There is a myth that says that glass stops ultraviolet radiation completely. I personally heard it for the first time in elementary school, during physics lesson, and I took it for granted for a long time, more precisely, until some technical experiences proved to me the opposite. And here's what it omitted, the Physics Manual (for children), to state:
The ultraviolet range is in fact a spectrum of frequencies. They are grouped into four subspaces, UVA, UVB, UVC and UVD. Since UVD (less than 100nm wavelength) can only propagate in the vacuum, of course we can not care. About the rest, in Figure 1:
Figure 1: Ultraviolet radiation spectrum
As you can see, UVC radiation is not of interest, but UVB and UVA is of interest for uus, because they can reach the ground (and even get there). As such, for a minimal influence on colloidal silver, the vials in which it is stored should absorb these ranges of radiation. This need has long been studied in the food industry, and is still due to the fact that there are many liquid food products that are likely to be destroyed / degraded by ultraviolet radiation. As wine, beer, oil (especially olive, hemp) producers have noticed this need, we have also made inquiries on bottles made from various assortments (and implicitly colors) of glass.
Thus, according to the report by Skouroumounis and collaborators, in 2006, the absorption graphs for different glass assortments resulted as in Figure 2:
Figure 2: Absorption of light for various glass assortments
What does this mean? We can see that the best bottles are made of brown glass and antique green (we can also include glass bottles, which are usually a green variety), because they absorb very well both the UVA and UVB range of ultraviolet.
Surprisingly (but not so surprisingly), cobalt blue absorbs very little of the UVA field, virtually as little as a colorless bottle!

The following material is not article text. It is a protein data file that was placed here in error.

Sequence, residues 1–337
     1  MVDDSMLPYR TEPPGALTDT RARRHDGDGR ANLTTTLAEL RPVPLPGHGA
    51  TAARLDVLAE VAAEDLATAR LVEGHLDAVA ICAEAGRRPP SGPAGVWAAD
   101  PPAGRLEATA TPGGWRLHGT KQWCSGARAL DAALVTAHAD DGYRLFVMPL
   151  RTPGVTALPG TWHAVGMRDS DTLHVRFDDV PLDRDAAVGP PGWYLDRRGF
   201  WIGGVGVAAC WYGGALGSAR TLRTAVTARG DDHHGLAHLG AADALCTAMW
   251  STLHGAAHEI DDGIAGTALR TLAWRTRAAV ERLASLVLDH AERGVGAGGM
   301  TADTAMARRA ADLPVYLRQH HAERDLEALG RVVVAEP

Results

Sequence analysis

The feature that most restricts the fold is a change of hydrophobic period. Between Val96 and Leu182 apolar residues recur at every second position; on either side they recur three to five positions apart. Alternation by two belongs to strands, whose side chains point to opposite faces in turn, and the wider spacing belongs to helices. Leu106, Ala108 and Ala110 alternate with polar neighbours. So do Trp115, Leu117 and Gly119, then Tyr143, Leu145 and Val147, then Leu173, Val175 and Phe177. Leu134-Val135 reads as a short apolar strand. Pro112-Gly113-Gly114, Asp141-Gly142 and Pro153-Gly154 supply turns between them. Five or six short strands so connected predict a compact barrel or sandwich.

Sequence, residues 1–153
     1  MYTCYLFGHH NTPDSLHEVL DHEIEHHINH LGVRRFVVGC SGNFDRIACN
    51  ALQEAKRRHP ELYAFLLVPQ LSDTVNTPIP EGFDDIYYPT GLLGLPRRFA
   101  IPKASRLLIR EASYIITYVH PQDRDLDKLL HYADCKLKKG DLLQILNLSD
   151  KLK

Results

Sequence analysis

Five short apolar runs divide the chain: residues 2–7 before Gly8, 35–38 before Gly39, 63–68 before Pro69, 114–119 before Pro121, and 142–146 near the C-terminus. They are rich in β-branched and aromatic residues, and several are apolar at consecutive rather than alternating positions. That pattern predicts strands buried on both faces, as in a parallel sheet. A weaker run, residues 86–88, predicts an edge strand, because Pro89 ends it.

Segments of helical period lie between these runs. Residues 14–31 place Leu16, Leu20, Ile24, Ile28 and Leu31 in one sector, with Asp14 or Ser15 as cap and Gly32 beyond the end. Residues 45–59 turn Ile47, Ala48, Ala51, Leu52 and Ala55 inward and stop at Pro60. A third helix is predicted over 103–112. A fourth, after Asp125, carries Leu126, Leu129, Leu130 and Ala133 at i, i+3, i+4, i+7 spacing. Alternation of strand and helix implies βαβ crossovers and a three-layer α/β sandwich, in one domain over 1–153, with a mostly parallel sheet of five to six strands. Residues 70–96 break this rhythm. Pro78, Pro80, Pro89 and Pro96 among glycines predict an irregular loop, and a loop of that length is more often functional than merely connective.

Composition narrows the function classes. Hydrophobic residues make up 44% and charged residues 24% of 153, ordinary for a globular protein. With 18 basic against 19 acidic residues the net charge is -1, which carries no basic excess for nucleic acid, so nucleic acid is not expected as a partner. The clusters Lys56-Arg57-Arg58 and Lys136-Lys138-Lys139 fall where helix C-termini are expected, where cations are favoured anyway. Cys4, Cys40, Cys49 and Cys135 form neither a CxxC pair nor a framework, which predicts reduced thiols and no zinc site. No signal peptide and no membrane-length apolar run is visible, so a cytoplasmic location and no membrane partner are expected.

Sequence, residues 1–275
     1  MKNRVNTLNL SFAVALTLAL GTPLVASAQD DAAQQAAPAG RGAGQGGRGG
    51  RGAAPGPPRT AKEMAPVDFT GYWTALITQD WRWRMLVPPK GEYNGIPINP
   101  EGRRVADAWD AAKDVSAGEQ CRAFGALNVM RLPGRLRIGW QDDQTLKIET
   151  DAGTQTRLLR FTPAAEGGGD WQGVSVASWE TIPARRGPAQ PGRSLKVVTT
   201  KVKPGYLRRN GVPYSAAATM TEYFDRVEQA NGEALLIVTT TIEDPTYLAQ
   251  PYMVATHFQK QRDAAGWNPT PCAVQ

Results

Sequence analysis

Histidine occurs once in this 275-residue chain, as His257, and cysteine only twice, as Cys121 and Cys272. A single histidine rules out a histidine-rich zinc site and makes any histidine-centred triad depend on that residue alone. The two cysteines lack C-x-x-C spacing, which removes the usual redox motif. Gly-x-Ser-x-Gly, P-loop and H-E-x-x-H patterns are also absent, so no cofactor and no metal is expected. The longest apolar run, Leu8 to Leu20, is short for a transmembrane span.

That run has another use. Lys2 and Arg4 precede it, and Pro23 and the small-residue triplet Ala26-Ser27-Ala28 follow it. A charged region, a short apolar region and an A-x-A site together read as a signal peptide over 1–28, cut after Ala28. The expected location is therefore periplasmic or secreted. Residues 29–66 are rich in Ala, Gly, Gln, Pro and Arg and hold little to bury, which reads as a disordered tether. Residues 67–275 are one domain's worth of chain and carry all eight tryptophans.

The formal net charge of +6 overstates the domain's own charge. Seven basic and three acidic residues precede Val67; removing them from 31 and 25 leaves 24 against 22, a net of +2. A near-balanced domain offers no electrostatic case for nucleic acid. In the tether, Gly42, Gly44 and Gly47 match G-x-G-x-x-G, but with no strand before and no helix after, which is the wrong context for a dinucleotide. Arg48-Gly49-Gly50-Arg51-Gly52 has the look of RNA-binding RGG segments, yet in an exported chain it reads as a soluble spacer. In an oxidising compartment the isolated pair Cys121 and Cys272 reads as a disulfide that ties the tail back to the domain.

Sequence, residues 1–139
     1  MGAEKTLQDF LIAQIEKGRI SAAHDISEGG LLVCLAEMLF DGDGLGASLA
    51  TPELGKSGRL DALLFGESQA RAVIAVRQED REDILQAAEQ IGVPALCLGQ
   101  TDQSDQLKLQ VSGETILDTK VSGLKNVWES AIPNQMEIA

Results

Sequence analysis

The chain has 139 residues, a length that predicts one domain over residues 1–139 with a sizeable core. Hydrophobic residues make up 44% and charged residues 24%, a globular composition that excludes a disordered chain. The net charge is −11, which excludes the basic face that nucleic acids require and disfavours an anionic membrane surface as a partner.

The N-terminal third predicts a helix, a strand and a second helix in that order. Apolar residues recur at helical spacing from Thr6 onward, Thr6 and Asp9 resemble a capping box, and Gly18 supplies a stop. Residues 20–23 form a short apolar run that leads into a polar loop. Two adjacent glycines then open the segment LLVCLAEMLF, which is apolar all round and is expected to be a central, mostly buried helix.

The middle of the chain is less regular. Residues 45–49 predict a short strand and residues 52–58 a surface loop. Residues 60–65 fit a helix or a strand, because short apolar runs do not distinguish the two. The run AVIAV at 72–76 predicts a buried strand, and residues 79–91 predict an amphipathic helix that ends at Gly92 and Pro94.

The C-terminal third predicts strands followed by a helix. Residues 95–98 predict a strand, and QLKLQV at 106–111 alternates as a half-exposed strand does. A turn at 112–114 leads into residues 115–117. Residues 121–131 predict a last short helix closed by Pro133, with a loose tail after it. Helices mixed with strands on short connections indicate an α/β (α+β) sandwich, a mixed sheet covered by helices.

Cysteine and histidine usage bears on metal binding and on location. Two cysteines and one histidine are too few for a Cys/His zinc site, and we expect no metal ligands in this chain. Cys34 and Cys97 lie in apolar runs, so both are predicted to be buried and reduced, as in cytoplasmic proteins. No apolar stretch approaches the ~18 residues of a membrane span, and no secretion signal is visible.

However, due to the fascination that this color produces, especially in the case of shades, buyers can easily be tempted to buy it regardless of the product packed in it. We would say it is not a very good idea, especially in the case of colloidal silver. Of course, if we permanently protect the product in another extra box, it would help, but daylight, even in a normal room, or on a store shelf, some products will degrade if they are kept in such a bottle. Keeping in an opaque cabinet, however, will help in the stability of the product, but to the final customer, such a container can not be easily stored in ideal conditions.
Let's make this cler: keeping drinking water in such a bottle is beneficial, it can even help heal some diseases (also true for other glass colors: purple, red, yellow, green, blue, etc.). For example, keeping water in blue containers is not recommended for people suffering from constipation, asthenia, lack of vitality, depression, rheumatic diseases, cold, being recommended other colors, on a case-by-case basis. These details are related to a traditional medical branch, called chromotherapy, which we can not address here.
Ultraviolet radiation also affects other types of nanoparticles, such as gold, copper, platinum, etc. However, the fastest destructive effect is on silver. Of course, as the size of the nanoparticle increases (as in the case of silver-colored silver), this action is reduced, and the vials can be stored for years (even though not exposed directly to sunlight) in colorless vial.
OBS! If you perform ultraviolet radiation measurements with dedicated devices, it's good to keep in mind the range of UV rays that have been calibrated. At the same time, it is good to know that the type of glass is very important, but especially its treatment, which, in the case of modern insulating glass, can be and is easily achieved. But this is a whole different situation.